A "Flycatcher" Among Us -- New Literary Journal

January 19th, 2012
By: Christopher Martin
The inaugural issue of "Flycatcher: A Journal of Native Imagination," an online literary magazine that emerges from suburban Atlanta and strives to explore what it means or might mean to truly belong to our places, was published on January 11.

Though Flycatcher is not a regional publication—the first issue, for example, includes writing rooted in places as diverse as Honduras, India, the American West, and Appalachia—the Southeastern United States, and more specifically the Georgia piedmont, is its literary ground. But even so, Flycatcher is guided by the words of Atlanta’s great prophet, Martin Luther King, Jr., who wrote (while sitting in an Alabama jail cell, no less), “We are caught in an inescapable network of mutuality, tied in a single garment of destiny. Whatever affects one directly, affects all indirectly.”

The first issue contains wonderful pieces from writers well-known here at the Southern Nature Project, such as Janisse Ray, John Lane, Thomas Rain Crowe, Susan Cerulean, and Erik Reece. Other highlights with distinctly Southern touches include an interview with Barbara Brown Taylor, a beautiful photo essay on the Altamaha River by Brian Brown, a poem by J. Drew Lanham called “Musings as to Why Negroes Don’t Orinthologize: An Ode to Birding While Black,” an essay on mountaintop removal by Holly Haworth, fine sets of poems from Marianne Worthington and David King, a short story by Raymond L. Atkins, and work from Bobbi Buchanan and Rosemary Royston, two writers whose names with which you will undoubtedly become more and more familiar.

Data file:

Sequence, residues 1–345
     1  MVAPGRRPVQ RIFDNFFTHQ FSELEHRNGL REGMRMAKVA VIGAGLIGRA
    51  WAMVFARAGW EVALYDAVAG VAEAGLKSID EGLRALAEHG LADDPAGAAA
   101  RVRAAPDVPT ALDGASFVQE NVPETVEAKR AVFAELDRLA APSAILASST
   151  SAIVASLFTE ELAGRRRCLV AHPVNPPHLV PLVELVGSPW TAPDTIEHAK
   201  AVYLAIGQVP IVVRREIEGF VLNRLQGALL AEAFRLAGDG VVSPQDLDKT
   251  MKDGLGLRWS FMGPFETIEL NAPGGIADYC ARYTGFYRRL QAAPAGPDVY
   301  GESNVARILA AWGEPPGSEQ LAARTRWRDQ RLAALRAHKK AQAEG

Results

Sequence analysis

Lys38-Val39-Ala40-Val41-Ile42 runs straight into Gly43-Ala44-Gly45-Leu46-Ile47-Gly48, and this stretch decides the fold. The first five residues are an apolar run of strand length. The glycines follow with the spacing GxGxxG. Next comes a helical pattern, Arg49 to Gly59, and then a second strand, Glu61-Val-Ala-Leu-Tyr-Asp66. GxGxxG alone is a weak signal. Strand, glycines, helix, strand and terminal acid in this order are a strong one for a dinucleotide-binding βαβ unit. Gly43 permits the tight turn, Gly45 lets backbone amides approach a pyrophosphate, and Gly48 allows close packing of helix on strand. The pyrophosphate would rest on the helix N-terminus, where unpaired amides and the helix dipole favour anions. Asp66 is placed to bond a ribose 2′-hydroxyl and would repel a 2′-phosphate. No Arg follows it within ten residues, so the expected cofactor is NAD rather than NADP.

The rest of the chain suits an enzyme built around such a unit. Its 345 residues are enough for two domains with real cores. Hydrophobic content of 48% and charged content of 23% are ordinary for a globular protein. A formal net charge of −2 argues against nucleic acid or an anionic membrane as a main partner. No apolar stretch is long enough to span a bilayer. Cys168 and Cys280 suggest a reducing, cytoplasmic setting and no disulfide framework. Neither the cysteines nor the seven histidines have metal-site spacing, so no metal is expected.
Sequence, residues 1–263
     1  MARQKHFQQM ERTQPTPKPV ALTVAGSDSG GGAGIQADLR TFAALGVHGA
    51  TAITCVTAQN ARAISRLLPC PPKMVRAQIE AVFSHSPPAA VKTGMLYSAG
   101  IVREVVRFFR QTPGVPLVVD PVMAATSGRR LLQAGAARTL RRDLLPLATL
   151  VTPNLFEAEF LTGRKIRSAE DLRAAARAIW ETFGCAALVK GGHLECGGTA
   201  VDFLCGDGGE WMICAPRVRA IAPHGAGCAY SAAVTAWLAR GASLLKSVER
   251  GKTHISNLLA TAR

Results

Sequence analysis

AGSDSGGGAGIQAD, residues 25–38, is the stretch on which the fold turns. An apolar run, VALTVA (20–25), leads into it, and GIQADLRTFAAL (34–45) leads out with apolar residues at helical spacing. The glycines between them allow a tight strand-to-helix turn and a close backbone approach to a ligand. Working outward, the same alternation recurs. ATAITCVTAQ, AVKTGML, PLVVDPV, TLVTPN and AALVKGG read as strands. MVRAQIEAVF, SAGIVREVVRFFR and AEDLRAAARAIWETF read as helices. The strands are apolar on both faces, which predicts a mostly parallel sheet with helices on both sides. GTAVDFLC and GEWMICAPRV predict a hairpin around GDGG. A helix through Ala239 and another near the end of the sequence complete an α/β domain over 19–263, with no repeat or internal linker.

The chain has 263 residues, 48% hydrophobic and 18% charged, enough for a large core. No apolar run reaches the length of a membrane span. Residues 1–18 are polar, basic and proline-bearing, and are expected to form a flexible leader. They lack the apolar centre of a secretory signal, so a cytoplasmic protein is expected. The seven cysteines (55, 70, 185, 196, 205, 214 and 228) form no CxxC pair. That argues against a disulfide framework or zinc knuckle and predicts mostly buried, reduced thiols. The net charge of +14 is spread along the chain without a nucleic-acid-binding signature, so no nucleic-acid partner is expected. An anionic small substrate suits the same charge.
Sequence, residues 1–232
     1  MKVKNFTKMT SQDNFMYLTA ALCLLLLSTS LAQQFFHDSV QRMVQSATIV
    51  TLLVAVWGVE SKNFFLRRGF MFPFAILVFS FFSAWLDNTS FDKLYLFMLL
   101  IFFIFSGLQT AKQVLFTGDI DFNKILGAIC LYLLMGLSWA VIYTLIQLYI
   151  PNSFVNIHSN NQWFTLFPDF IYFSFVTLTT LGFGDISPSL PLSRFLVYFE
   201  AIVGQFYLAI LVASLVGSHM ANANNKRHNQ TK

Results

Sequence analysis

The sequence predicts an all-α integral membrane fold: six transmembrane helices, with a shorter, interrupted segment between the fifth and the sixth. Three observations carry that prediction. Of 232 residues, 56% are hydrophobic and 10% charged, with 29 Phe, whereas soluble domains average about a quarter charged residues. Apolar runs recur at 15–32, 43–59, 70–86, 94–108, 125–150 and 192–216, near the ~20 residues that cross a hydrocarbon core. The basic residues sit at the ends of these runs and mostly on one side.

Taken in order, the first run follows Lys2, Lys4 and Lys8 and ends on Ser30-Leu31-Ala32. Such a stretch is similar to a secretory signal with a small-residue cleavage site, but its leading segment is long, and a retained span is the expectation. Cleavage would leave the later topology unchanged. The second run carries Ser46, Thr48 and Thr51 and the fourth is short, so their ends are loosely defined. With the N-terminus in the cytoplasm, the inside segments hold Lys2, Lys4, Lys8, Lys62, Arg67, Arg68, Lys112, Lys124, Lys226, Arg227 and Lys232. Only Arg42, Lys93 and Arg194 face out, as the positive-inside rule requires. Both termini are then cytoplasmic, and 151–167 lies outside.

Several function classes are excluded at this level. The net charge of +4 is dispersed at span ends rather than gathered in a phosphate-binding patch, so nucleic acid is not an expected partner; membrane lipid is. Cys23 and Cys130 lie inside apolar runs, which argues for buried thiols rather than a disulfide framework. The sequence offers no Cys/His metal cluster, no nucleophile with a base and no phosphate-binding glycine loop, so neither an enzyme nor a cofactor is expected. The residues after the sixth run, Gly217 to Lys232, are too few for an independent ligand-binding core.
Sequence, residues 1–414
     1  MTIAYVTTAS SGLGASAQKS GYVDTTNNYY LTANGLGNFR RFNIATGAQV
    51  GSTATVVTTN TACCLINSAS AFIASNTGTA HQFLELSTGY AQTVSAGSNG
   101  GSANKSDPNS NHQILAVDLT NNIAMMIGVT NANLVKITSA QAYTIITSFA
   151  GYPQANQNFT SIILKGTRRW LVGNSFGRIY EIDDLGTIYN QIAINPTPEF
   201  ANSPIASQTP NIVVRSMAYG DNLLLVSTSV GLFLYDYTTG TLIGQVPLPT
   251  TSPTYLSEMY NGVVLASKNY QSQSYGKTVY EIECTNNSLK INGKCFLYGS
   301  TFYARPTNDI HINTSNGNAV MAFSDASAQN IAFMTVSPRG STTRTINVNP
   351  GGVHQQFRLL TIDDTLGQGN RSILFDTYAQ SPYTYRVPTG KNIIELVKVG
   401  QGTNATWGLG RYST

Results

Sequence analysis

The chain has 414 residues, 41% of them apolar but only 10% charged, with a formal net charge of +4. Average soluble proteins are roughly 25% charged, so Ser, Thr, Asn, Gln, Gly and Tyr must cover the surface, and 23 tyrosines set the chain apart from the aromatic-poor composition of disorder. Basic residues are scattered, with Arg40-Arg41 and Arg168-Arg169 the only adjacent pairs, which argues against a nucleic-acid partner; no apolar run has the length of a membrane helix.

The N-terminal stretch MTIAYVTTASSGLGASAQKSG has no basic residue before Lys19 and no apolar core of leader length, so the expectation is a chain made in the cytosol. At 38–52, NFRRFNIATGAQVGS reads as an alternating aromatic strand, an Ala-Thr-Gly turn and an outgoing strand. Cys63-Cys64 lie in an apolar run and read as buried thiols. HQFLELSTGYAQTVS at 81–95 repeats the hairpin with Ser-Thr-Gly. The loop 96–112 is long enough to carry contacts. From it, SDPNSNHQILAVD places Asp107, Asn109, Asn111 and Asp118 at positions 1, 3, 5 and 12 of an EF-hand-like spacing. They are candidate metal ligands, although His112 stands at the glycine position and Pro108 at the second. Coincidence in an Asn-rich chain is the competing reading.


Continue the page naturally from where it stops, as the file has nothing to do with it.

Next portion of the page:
From the Southeast, this issue will take you, among other places, to the Crow Reservation on the Montana/Wyoming border in a poem by Elizabeth Ashe, to the California coast (with the Western railroads ever present in the background) in a story by Linda Niemann, to a small town in Honduras where a violent presence is soothed both by steadfast will and the music of Sam Cooke in a piece of fiction by Beverly James, to southern India in an absolutely stunning piece of fiction by Sharanya Manivannan.

The origins of Flycatcher and the inspirations behind the endeavor—inspirations that include the writing of Thomas Merton and the Georgia town from which Flycatcher emerges, Kennesaw, from the Cherokee Gahneesah, “burial ground—are discussed in “A Monk and a Mountain,” the editor’s notes from the current issue. More information on Flycatcher itself—from its publishing philosophy to the meaning behind its name—can be found in the “About” section of its website. Information on submissions, which are accepted year-round, can also be found on the website. Issue 2 will be published Summer 2012.

Twitter: @FlycatcherJrnl